Doctoral Dissertations

Date of Award


Degree Type


Degree Name

Doctor of Philosophy



Major Professor

Gary S. Sayler

Committee Members

Alison Buchan, Timothy E. Sparer, Seung J. Baek, John P. Biggerstaff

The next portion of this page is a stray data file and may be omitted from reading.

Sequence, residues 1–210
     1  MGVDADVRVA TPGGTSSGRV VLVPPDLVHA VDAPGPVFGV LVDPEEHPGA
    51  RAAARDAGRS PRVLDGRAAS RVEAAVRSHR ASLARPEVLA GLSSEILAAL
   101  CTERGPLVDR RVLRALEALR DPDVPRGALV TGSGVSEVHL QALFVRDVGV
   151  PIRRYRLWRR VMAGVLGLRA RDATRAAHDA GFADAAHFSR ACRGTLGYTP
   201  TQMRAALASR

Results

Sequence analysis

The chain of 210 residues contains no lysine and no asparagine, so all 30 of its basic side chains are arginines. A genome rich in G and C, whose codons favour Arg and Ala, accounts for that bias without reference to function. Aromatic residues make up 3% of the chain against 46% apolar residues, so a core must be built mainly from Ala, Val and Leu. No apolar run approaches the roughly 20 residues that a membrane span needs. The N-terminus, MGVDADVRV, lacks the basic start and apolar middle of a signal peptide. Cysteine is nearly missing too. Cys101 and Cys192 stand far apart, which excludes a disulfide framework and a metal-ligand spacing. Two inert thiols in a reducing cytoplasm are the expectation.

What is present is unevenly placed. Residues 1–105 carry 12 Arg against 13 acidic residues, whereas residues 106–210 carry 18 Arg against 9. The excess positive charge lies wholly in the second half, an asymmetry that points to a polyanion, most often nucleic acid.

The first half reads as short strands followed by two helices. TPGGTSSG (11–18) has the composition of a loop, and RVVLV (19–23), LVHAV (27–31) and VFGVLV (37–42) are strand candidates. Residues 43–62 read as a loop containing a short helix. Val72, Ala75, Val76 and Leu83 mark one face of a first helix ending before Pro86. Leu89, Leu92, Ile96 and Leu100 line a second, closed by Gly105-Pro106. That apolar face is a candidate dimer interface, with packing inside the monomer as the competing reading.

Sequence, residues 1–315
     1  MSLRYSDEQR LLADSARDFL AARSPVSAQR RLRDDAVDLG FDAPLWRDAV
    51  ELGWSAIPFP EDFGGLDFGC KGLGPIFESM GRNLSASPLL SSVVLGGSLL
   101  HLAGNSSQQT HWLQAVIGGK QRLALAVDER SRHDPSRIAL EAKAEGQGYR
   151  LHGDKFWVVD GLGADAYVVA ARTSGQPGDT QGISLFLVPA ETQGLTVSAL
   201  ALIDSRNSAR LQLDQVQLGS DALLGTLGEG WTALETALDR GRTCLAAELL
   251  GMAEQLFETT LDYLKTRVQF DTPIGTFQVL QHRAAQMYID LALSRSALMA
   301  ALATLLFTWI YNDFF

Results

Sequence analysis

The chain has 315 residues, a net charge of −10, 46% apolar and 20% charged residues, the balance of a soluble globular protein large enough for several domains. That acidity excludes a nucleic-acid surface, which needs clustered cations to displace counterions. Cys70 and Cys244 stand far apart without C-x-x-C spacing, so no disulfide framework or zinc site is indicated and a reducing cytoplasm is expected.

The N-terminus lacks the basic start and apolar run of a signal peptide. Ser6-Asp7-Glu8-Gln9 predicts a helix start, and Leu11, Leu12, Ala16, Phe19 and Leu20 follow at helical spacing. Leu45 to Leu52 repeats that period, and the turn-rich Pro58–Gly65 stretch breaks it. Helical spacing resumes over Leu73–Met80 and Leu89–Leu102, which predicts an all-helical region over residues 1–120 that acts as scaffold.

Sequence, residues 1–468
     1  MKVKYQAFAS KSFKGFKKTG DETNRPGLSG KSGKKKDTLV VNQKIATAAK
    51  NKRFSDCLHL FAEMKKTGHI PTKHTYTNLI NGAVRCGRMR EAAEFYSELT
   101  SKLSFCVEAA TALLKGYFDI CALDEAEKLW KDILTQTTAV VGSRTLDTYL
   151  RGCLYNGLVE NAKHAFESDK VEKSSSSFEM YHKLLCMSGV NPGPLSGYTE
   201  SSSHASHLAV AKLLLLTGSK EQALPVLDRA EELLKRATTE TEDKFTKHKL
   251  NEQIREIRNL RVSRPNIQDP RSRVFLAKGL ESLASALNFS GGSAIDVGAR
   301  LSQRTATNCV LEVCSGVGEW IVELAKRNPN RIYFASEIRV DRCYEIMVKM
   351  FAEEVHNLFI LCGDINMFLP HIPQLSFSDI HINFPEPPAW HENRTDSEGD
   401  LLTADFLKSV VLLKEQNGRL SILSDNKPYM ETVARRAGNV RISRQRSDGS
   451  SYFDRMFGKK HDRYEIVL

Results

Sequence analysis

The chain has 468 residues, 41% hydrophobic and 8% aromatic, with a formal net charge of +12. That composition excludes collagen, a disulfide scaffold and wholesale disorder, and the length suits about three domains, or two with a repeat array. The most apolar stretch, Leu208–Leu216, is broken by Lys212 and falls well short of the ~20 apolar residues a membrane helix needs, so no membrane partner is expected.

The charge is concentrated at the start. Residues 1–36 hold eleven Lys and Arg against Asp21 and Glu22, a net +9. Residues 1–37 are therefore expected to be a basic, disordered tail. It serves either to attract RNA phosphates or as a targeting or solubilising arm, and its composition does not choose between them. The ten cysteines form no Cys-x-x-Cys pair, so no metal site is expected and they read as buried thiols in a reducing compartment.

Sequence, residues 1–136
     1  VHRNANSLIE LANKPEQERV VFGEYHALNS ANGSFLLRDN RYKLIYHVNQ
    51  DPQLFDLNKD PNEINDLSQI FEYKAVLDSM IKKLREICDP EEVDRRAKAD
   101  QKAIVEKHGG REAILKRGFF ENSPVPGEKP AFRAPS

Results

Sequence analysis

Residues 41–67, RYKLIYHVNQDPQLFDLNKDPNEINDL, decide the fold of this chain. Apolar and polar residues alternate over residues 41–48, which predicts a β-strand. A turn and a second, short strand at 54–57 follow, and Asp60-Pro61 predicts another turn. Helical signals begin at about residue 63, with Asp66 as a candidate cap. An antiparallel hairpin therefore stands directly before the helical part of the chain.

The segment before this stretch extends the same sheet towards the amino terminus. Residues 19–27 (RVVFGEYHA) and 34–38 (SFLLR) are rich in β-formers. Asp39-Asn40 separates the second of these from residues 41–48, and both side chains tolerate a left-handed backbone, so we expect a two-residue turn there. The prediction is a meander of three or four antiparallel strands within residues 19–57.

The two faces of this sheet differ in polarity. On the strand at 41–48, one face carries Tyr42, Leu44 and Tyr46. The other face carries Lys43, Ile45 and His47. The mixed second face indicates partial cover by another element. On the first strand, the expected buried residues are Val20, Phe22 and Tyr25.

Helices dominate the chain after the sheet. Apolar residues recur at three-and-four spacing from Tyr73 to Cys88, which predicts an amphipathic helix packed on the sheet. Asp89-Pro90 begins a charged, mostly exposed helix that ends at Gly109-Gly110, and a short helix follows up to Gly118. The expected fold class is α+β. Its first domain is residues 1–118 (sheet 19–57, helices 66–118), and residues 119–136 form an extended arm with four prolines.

Despite its extensive use as a prokaryotic bioreporter, only recently has the bacterial bioluminescence (lux) system been adapted to express at a functional level in the mammalian cellular background. While this novel strategy has the potential to contribute to the fields of high throughput screening and non-invasive in vivo imaging due to its autonomous substrate production, it is still constrained because its signal intensity is lower than that of other bioluminescent reporters. This work demonstrates the development of strategies that optimize human cell lux-based bioluminescence to overcome this detriment for advancement towards a fully functional lux reporter system. To enhance lux gene expression, a single vector construct has been developed that improves upon the initial two plasmid expression system. This construct separates the lux genes using viral-derived 2A elements, allowing for simultaneous expression of the six genes from a single promoter in eukaryotic cells. This strategy results in increased bioluminescent output compared to the previous two plasmid system. Additionally, it is demonstrated that gene copy number is the primary limiting factor for bioluminescent output following expression in human cell lines. This limitation has been overcome through the development of a two-step transfection strategy that yields significantly higher transfection efficiency and improves both transgene integration and bioluminescence output. An optimized HEK293 cell line with enhanced bioluminescent production has been constructed using the two-step transfection strategy. The enhanced signal intensity allows bioluminescent detection from a smaller population size in cell culture compared to their un-optimized counterparts, as well as detection using alternative lower cost instruments. A developmental effort towards lux-based biosensing in human cell lines is also reported in this study. It has been shown that bioluminescence emitted constitutively from lux-expressing human cell lines can be utilized for monitoring population dynamics in a non-invasive manner and that, by regulating the expression of the lux genes, the lux system can function as a fully autonomous bioreporter for continuous monitoring of targets of interest.

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